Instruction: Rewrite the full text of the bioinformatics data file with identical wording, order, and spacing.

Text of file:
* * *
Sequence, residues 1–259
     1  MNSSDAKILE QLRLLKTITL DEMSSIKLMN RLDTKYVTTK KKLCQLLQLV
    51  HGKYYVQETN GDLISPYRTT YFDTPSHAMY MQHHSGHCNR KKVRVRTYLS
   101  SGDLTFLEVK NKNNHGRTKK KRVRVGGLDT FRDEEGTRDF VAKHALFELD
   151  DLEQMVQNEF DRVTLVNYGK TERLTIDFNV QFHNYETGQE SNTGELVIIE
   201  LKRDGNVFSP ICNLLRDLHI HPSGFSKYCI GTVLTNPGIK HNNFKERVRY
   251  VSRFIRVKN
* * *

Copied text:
Sequence, residues 1–259
     1  MNSSDAKILE QLRLLKTITL DEMSSIKLMN RLDTKYVTTK KKLCQLLQLV
    51  HGKYYVQETN GDLISPYRTT YFDTPSHAMY MQHHSGHCNR KKVRVRTYLS
   101  SGDLTFLEVK NKNNHGRTKK KRVRVGGLDT FRDEEGTRDF VAKHALFELD
   151  DLEQMVQNEF DRVTLVNYGK TERLTIDFNV QFHNYETGQE SNTGELVIIE
   201  LKRDGNVFSP ICNLLRDLHI HPSGFSKYCI GTVLTNPGIK HNNFKERVRY
   251  VSRFIRVKN